Published 11:12 am Tuesday, July 12, 2022

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Symbols are never easy to explain. What is it about the flag that stirs such deep emotions in some of us? In spite the failures and shortcomings, what is it about that piece of cloth, the red, white, and blue, that provokes such feelings of pride and love and grandeur? I like the explanation of one older man whose grandson turned to him “and asked, “What is the flag, Grandpa?”

The grandfather thought for a moment and then resounded: “Well son, the flag is a bit of love and a bit of blood and a bit of hope all woven together and crowned with stars. It’s everything we know this country to be and everything we expect it to be and everything we pray it will be…”

Now, the reason I like that older man’s explanation is because it implies that the symbol and the reality are one. We simply cannot separate the flag from what America really is.

Every time that flag is unfurled we can hear the music of fife and drums in our imaginations, and see “the rockets red glare, the bombs bursting in air,” and we recall the sacrifice of all those heroes and heroines who have made our freedom possible.

“What is the Flag, Grandpa?” As grandpa put it, “It’s a bit of love.”

I remember in one church I served holding “an appreciation worship service for God and country on the Sunday just prior to July 4th.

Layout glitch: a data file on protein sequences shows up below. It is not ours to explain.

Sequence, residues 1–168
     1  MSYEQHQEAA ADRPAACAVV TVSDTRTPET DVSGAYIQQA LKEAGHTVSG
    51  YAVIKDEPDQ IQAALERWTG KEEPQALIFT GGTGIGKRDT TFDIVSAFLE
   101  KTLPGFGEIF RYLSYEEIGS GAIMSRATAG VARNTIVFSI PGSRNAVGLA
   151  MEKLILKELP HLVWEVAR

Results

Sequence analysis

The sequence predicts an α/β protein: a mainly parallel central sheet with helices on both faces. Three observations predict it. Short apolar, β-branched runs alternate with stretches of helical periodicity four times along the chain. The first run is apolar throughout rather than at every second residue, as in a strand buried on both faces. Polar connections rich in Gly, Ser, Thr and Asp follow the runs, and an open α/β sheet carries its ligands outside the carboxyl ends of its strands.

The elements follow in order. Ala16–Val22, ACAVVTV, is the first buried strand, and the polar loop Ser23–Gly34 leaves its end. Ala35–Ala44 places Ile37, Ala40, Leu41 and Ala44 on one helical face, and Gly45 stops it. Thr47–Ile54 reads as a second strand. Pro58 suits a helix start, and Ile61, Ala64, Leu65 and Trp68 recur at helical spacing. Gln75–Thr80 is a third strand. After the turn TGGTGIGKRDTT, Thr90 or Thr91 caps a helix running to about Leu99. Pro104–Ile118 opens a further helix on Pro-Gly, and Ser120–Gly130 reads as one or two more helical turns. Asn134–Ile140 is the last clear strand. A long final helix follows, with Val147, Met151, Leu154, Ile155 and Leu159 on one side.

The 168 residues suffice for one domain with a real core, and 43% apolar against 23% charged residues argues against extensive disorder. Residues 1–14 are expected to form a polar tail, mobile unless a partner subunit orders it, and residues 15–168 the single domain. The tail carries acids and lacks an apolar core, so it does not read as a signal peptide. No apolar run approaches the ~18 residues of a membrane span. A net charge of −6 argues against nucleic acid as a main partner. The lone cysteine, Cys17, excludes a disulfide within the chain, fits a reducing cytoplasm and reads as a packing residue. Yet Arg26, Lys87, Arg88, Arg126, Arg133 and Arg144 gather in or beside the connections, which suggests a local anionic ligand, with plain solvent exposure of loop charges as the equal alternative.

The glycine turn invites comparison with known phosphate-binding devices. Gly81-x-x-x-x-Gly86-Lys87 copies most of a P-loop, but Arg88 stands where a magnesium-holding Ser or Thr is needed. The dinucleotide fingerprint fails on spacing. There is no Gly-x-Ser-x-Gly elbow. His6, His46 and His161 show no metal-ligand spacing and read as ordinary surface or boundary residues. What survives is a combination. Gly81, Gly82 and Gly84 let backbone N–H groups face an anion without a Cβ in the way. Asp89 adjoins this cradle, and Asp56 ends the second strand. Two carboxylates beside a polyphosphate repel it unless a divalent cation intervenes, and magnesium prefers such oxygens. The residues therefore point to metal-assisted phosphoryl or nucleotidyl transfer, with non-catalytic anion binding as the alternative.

Actually, I did that in most of the churches I served. But in this particular one on the Monday following, a professor came to my office and wanted to know why we had held that service, I said, “Basically, we held it for two reasons. First, there is something in the Bible called “A Theology of Blessings.”

It’s located in the Wisdom literature and reminds us to be thankful for our blessings and second, we held that service because of our love for our country. The professor simply replied, “I just wanted to know.”

Surely to love our country does not require that we refuse to confront its ills and problems. Love, we are told and probably from experience, is often blind to the faults of the beloved. But in the long run, it is a weak love that cannot face reality.

“What is the flag, Grandpa?” “It’s a bit of blood.” At the conclusion of the constitutional convention in 1787, Benjamin Franklin, making his way down the steps of Constitution Hall, was asked by a lady, “Sir, what did you give us?” Mr. Franklin in answering said, “A Republic, lady, if you can keep it.” By so answering, Franklin recognized that it may be as costly to keep the Republic as it was to get it. Since the utterance of these words, the price has, indeed, been great.

Many of our finest young men and women have given “their last full measure of devotion” for the preservation of this Republic. And I might add, they are still doing it.